Some skeptics think Honesty Cafe is really just all-hype. This untended store allows you to take whatever you like and simply deposit your payment in a box. Nothing can be simpler than that. I would love to retell this story to such skeptics about how one of us lost his room key, cell phone and eyeglasses in Rakuh a Payaman a.k.a. Marlboro Country. We already boarded our jeepney, well on our way to another destination, when my friend missed his stuff. Our Tour Guide Rogers directed his assistant Dan to take over while he mounted a bike to motor back to Marlboro Country. No luck. After all it was near sunset by then, so Rogers summoned some of his friends to continue the search as we were leaving early the next morning. No high hopes they’d be found.




You make the Ivatans proud. And so with the rest of the Filipinos. Batanes. Philippines.



Hey, skeptics. See that photo above? Between Rogers and my friend Tony is this fine young Ivatan lad who found Tony’s cellphone, eyeglasses and room key. He motored all the way from Rakuh a Payaman to the airport where we were getting ready to board for our homeward flight. He was in a hurry to leave after returning Tony’s stuff that Rogers had to hold him for this posterity shot. Makes us all admire this young Ivatan, but truly, we weren’t surprised at all about Ivatan honesty and admirable character. How about you? Were you surprised? Love it? Got it?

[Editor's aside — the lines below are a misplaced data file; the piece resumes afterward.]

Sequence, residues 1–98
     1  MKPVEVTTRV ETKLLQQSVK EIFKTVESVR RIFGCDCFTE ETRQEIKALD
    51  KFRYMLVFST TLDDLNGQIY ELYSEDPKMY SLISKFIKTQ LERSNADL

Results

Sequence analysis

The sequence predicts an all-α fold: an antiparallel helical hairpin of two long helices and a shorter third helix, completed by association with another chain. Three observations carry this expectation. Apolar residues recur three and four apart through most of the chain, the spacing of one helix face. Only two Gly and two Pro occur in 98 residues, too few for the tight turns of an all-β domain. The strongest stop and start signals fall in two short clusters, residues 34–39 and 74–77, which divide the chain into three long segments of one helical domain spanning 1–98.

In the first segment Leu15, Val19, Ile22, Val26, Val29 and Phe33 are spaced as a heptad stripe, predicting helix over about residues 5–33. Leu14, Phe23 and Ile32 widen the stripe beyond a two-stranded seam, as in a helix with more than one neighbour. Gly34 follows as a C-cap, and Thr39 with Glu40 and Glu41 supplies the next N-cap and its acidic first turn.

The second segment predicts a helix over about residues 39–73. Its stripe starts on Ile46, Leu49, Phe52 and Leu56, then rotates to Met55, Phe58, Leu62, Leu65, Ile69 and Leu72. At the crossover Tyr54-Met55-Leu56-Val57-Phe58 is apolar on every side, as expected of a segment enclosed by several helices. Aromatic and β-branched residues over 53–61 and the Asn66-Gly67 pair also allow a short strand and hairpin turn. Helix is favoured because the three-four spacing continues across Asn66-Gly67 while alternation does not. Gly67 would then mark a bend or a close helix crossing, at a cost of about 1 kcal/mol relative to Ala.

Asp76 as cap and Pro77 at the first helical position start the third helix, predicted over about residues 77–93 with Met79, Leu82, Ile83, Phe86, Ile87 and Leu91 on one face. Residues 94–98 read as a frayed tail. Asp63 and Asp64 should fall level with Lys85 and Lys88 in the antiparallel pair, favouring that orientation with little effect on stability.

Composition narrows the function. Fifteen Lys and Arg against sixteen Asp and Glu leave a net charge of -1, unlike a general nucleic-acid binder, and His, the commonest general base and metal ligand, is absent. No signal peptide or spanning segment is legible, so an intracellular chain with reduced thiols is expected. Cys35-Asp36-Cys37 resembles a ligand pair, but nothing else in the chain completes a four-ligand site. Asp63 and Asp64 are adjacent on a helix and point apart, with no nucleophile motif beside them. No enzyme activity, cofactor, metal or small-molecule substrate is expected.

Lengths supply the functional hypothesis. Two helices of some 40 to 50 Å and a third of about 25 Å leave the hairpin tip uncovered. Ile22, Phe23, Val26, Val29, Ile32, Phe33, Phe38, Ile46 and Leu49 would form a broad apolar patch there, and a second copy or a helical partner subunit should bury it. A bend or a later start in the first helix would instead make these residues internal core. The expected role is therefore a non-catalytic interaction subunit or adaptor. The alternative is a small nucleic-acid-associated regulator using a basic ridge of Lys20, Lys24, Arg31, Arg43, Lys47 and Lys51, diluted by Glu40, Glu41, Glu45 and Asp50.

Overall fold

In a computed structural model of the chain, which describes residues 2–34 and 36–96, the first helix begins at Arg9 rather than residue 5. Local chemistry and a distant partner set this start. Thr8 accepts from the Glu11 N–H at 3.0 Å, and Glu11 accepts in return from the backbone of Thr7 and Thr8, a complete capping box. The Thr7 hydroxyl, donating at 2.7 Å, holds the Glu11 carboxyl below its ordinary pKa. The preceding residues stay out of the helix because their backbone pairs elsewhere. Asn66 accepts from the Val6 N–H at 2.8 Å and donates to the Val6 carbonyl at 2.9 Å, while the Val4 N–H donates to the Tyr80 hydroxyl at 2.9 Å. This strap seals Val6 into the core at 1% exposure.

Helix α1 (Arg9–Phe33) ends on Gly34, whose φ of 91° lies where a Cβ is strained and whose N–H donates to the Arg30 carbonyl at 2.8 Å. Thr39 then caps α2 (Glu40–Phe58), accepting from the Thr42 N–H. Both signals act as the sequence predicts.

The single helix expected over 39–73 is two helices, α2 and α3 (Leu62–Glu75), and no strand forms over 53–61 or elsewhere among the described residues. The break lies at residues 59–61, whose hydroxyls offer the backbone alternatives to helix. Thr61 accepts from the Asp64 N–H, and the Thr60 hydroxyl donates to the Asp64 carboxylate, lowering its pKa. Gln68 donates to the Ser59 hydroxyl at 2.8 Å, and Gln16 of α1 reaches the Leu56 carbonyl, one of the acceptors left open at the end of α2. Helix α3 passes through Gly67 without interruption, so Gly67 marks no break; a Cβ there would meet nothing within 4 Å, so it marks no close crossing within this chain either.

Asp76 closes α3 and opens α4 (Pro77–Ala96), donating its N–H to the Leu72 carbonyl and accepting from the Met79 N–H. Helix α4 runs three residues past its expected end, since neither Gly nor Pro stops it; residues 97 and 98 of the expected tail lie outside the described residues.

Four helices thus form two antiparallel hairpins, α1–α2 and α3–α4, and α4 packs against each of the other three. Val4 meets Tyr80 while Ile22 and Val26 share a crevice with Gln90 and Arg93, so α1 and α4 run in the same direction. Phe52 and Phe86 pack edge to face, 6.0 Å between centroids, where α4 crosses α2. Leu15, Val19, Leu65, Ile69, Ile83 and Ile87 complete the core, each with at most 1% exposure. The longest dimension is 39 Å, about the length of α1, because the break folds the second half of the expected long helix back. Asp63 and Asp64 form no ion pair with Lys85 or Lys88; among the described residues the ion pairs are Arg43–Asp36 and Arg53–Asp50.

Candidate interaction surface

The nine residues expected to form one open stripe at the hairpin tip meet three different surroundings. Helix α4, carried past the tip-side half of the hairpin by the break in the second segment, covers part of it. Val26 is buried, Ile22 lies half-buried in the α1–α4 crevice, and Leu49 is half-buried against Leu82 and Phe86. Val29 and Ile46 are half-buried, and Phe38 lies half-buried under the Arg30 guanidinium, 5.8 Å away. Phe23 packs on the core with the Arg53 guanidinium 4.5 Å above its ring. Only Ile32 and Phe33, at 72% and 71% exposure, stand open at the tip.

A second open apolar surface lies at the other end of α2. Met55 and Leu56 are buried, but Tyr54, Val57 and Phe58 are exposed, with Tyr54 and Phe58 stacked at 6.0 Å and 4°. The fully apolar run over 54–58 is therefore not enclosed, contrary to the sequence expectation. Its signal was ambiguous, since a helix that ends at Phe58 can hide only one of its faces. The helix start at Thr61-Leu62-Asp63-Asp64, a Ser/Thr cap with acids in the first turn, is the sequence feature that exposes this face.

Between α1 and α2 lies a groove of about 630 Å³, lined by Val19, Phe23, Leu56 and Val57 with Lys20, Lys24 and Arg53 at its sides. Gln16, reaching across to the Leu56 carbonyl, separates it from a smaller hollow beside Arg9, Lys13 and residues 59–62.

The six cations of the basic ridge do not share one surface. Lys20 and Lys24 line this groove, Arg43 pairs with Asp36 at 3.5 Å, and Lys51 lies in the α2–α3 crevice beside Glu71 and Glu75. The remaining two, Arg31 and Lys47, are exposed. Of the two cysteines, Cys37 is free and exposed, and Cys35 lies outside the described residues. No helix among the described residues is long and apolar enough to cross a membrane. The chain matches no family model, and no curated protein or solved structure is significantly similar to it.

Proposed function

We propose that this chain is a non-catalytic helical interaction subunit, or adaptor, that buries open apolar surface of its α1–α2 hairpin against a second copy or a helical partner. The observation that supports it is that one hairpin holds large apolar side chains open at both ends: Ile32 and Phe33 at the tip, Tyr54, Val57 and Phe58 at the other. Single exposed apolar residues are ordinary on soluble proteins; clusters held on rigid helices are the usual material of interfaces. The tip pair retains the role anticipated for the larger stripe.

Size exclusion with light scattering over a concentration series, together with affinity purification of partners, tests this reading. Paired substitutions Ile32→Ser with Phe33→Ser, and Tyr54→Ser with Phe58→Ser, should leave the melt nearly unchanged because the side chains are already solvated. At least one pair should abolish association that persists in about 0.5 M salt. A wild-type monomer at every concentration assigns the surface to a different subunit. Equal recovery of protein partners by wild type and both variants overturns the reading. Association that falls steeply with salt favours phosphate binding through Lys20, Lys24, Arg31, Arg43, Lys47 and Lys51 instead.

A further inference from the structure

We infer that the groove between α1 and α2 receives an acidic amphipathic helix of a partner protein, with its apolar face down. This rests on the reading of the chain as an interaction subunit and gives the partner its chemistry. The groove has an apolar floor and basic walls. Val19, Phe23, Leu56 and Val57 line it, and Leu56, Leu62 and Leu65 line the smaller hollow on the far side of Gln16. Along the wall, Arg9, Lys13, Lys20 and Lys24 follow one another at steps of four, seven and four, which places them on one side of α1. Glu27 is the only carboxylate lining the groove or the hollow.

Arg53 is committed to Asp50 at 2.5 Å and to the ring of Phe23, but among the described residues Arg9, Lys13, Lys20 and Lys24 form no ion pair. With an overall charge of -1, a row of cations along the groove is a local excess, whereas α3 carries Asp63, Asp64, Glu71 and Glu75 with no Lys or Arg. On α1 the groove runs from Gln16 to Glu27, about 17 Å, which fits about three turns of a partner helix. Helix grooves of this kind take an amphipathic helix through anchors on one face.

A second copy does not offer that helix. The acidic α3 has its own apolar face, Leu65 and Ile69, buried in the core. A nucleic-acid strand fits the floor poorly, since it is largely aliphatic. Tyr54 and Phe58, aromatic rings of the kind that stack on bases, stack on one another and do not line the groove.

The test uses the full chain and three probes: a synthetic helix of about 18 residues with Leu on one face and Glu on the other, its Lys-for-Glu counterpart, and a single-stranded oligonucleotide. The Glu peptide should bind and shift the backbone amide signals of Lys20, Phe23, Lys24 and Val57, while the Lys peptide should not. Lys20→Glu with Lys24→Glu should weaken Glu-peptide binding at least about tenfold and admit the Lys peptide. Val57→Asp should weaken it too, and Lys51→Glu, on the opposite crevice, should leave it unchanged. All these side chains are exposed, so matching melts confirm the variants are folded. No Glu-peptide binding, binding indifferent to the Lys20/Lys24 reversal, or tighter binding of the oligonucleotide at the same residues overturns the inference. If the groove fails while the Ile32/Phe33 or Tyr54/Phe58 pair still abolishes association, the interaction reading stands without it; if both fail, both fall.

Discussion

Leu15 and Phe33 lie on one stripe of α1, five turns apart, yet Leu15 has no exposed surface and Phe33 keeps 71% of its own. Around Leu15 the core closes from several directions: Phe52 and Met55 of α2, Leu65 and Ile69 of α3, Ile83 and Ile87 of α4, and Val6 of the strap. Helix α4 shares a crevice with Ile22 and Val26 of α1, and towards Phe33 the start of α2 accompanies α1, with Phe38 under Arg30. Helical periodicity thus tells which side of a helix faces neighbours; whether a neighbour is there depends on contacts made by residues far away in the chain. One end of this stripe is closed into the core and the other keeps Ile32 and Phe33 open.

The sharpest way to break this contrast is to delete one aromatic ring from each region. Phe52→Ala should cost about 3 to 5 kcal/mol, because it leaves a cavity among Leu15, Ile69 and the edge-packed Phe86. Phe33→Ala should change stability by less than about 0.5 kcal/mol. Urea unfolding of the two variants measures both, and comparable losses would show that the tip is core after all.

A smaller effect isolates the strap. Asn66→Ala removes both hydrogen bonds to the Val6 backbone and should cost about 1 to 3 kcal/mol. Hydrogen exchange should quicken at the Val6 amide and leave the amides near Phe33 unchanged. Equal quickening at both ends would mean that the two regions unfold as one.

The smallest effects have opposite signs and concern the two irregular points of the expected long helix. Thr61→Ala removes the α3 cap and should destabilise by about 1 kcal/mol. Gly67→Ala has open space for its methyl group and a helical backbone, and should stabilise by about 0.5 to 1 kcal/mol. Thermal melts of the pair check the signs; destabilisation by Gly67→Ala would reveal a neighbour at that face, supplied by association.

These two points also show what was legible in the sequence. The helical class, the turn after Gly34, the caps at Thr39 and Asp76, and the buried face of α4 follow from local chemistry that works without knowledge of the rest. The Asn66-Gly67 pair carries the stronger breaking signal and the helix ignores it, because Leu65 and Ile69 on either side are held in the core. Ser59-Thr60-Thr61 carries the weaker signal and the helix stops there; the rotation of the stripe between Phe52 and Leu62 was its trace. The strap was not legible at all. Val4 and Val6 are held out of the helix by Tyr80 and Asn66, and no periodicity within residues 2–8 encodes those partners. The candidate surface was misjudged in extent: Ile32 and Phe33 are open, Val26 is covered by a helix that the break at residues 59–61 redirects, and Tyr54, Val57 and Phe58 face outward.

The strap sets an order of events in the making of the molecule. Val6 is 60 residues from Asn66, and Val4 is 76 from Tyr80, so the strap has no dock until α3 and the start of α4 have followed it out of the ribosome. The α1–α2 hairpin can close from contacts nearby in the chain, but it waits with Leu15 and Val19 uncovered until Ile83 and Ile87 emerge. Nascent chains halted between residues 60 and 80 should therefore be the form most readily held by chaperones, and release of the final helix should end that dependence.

Call it Batanes Fever. Or Ivatan Addiction. Whatever. But I’ve been home for 2 days now and all I’ve done is review and upload our photos from the smallest, northernmost island province of the Philippines. Wrote the first of my Batanes blog series yesterday but was stumped when I kept “losing” my draft midway through the blog. I’m not one to do a “prelim” — I simply write away and click that tab which says “Publish”. So I gave up after repeating myself 3 times — the temper got in the way, and I knew I just lost the motivation to write.





Waiting for Sunset On a Typical Day in Batanes



This very moment, I’m blogging using my iPhone. And using the stored photos taken by this phone which saved my day when my Canon G12 died in Batanes. Between these and those snapshots from my iPad Mini, I’m fine. Sad, but not exactly bothered by my malfunctioning G12. Funny how the Ivatan simplicity, warmth and hospitality along with the natural and rugged beauty of the island can weave magic into our lives. I started writing this to capture how I feel at the moment. If you’re looking for travel tips, directions and suggested itineraries, skip this post and read my other blogs. This one’s written by me. For me.